Friday, October 7, 2011

Poem about This, #1

It's not cold, but it's cold for here,
And the fresh snow on the mountains
Blanketing spruce and aspens,
White draperies dropping down, down

To skirt the top layers of the Rim,
Red rocks and juniper-pinyon
Eco-system notwithstanding,
Reminds me of the winter storms

That will not touch our porch for months,
Barring apocalyptic turns
Far from us, in the Pacific.
And since when has the Pacific

Not been as apocalyptic
As any fundamentalist
Praying, waiting for the world's end?
All climates are fickle and dire

To the species that survive them,
And we have survived more than most,
Although over shorter stretches.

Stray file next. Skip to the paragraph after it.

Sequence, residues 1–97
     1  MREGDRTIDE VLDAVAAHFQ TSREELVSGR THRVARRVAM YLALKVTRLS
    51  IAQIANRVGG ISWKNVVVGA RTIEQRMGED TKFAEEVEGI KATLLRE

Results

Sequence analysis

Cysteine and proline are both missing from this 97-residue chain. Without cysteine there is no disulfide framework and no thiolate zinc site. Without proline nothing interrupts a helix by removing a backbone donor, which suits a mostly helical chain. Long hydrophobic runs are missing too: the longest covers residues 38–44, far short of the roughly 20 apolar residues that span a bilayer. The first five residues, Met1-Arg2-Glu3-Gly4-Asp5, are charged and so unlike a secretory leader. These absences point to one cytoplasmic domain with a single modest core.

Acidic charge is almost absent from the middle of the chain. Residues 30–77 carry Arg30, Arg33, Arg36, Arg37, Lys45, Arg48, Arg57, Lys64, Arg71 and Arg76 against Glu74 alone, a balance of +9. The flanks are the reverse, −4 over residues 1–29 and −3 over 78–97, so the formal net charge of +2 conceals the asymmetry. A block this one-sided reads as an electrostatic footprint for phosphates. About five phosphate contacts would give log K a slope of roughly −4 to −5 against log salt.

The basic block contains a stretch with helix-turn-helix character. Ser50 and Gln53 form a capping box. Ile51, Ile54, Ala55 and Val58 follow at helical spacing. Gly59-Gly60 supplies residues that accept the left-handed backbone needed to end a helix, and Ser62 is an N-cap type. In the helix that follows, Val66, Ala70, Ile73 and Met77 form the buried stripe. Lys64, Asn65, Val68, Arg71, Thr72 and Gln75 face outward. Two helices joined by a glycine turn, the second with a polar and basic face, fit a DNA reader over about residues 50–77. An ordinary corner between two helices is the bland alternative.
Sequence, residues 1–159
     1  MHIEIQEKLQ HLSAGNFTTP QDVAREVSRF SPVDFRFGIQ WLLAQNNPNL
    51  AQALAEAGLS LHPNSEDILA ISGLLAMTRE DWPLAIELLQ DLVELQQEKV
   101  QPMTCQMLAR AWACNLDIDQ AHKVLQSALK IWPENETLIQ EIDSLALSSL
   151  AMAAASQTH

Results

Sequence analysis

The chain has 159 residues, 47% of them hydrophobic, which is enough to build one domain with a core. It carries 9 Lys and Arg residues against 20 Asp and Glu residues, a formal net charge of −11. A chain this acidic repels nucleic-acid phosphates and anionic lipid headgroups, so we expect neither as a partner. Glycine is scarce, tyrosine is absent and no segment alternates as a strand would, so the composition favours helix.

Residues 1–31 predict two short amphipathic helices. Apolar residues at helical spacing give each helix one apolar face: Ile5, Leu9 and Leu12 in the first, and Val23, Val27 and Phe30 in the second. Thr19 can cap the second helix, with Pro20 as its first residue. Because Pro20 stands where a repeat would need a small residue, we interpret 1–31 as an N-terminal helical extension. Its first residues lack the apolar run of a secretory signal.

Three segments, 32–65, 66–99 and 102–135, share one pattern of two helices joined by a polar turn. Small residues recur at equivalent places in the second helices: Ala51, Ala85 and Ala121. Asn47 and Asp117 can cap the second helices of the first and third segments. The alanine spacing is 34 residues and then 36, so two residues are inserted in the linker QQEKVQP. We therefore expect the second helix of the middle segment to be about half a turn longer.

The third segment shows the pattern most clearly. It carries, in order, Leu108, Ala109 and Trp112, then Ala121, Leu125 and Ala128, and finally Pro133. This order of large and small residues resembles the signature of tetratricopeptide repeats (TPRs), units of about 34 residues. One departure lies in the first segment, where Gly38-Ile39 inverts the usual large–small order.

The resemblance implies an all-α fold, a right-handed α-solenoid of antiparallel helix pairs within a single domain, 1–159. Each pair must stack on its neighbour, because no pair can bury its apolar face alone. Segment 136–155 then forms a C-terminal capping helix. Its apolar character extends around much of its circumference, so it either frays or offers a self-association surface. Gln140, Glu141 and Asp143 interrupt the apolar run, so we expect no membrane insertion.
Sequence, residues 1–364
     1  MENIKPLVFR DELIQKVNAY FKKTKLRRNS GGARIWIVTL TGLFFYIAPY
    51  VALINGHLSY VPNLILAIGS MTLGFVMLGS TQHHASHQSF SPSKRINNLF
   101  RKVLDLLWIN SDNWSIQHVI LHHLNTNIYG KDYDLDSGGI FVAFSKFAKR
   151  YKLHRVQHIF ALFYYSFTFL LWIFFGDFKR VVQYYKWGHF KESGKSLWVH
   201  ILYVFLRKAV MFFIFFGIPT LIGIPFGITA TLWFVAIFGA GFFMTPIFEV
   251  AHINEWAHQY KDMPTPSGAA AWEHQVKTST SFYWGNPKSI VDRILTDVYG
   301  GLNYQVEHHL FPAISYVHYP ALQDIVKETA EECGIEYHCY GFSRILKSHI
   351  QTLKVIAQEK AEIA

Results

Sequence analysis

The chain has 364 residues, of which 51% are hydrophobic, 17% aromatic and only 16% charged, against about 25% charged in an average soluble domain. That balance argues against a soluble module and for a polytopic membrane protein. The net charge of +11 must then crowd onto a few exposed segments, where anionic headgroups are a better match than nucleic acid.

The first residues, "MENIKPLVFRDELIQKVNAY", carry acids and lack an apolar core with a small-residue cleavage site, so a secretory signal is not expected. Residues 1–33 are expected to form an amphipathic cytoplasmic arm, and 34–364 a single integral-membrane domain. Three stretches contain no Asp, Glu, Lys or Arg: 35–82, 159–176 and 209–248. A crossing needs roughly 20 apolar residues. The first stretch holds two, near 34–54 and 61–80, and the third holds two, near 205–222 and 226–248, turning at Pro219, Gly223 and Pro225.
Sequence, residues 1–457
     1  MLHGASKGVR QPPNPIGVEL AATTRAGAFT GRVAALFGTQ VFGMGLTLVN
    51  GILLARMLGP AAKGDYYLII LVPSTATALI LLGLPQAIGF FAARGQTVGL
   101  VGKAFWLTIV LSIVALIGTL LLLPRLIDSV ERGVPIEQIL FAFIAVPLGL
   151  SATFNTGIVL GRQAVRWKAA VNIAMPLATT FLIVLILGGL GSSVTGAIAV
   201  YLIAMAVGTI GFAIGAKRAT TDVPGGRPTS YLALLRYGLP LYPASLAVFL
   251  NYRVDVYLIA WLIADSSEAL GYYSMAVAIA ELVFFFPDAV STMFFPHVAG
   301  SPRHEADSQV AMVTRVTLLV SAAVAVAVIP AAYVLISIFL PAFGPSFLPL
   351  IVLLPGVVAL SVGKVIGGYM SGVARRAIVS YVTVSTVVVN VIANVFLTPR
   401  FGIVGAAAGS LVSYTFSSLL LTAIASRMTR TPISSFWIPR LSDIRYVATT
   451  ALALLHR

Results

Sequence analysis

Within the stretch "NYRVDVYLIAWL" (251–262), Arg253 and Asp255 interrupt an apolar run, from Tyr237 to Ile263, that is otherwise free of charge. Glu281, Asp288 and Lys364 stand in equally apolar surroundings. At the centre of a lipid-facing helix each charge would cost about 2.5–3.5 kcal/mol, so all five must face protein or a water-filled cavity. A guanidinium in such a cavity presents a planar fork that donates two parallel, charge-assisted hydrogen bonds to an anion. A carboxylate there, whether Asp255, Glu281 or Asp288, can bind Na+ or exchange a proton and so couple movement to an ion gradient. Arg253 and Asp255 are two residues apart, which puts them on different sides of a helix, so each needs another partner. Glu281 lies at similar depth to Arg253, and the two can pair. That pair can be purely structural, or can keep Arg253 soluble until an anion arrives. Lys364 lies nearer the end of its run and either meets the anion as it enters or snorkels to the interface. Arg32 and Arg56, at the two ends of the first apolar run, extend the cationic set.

Enough about us. The moon shines,

Gibbous, weak in afternoon light,
And I feel compelled to confess,
That I've long loved a gibbous moon,
Especially one in daylight

Because they are unromantic:
Not new, not old, not bright, not full.
Better poets may disagree,
May claim each generation's task

Is to find new analogies
To marry bright words to faint moons.
Ah. I've heard we have only now.
But I don't have now. Now has me.

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